By chance, Roberts got involved in the transportation industry after answering an ad for a job at Bombardier Transportation in 1986.
As she has worked over the past 24 years to build her own career in communications, Maryanne Roberts has used her strong writing and communication skills, as well as her sense of fairness and diplomacy, to create greater visibility of public transportation — especially high-speed rail — in the U.S.
By chance, Roberts got involved in the transportation industry after answering an ad for a job at Bombardier Transportation in 1986. "I had been working for a public relations firm and was looking for something new and different," she recalls. Roberts started at Bombardier as a communications coordinator and stayed for nine years. She then went to work at Amtrak for seven years and returned to Bombardier seven years ago.
Roberts had always been drawn to public transportation, particularly trains. "We would take the train in the summer from Boston to Flagstaff, Ariz., to visit my grandmother. I think that's how my interest began," she says.
Between earning an undergraduate degree in communication studies, and an MBA with a concentration in marketing from the University of Massachusetts - Amherst, Roberts began her career in communications working for the university as a public information officer. Following graduate school, she realized her aspiration to move to New York City and work in communications. Her first job there was with a brokerage firm in the sales department. She then worked for a public relations firm in New York as an account coordinator.
As a woman in a male-dominated industry, Roberts was in the minority at many events when she first embarked on her transportation career. What really helped, she says, was joining the New York chapter of the Women in Transportation Seminar (WTS).
One of the members, Jane Hollinshead, who worked for Long Island Railroad at the time, approached her about being the corresponding secretary. She met the movers and shakers in New York transportation and a lot of women in the industry. "I immediately had this huge network of contacts and it was great. I have to thank Jane, the one who really got me involved. I recommend that organization, especially for women entering the industry," Roberts adds.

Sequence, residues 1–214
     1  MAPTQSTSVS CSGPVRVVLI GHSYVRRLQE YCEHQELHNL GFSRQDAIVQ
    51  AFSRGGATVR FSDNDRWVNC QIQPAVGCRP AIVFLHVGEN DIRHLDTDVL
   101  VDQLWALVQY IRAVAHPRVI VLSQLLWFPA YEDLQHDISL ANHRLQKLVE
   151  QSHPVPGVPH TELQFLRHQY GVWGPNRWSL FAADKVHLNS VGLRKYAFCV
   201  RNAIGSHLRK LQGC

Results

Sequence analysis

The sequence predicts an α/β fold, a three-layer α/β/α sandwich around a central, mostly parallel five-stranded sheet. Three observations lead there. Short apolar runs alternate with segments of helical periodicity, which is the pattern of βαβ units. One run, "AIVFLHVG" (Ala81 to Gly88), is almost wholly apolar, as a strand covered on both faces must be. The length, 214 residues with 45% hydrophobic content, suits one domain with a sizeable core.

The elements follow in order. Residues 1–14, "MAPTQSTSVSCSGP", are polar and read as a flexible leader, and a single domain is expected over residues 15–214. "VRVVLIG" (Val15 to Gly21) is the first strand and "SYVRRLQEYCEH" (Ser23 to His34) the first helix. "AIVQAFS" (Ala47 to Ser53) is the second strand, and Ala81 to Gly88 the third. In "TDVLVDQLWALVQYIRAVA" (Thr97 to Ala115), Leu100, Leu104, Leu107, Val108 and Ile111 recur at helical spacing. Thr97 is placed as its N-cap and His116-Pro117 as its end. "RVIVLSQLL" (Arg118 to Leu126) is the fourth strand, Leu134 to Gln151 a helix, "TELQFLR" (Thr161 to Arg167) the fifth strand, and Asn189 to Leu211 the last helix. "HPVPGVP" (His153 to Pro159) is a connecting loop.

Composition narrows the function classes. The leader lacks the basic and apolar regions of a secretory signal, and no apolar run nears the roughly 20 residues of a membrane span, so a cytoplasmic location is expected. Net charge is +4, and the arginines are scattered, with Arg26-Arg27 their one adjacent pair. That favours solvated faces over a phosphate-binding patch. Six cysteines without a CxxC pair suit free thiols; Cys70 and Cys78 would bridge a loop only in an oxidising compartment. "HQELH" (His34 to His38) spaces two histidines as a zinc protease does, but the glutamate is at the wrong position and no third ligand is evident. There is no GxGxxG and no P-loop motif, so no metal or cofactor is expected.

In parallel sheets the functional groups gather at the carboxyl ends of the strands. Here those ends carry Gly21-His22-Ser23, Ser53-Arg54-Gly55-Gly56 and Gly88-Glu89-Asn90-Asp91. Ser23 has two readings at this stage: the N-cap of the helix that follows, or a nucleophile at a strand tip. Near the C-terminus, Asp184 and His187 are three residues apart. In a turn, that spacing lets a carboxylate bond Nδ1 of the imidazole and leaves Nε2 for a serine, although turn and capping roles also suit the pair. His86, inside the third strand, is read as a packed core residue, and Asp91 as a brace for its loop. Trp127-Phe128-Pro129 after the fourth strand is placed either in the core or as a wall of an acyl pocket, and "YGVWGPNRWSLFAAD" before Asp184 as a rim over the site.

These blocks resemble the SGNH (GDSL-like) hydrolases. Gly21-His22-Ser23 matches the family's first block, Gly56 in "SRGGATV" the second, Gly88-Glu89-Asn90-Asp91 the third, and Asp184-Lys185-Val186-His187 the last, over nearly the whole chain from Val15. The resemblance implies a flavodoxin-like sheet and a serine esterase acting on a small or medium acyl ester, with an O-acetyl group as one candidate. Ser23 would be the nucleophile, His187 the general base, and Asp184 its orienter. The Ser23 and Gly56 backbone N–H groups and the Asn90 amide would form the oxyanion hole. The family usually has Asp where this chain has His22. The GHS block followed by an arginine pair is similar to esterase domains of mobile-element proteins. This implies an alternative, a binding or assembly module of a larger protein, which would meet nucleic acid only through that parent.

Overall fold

Working in an industry that makes a difference is important to Roberts. "Especially nowadays, with gas prices the way they are and environmental issues, it's a good place to work. I feel like I'm doing something positive," she explains.
Roberts loves being able to promote Bombardier and its activities in the U.S. and seeing the company gain more visibility as a result. There has been a lot of recent attention on high-speed rail in this country, she points out. She is also enthusiastic about the fact that interest in passenger rail has increased, presenting more opportunities to share information about Bombardier.
However, what she finds most rewarding is seeing the end product and people riding it. "I can go to one of our factories and see people building something. I get a lot of satisfaction out of being in a city anywhere in the world...in a subway full of thousands of people and see that little builders' plaque at the end of the car that says 'Made by Bombardier.'"
Last January, Roberts became the U.S. spokesperson for Bombardier Transportation. She also handles marketing communications, including management of company literature, Websites, trade shows, conferences, advertising, and relations with the general media as well as with trade magazines. "I am always looking to learn something new, so that fit the bill," she says.
Currently, Roberts is creating a new Website that will showcase Bombardier's extensive presence in the U.S. and raise its overall visibility in the media.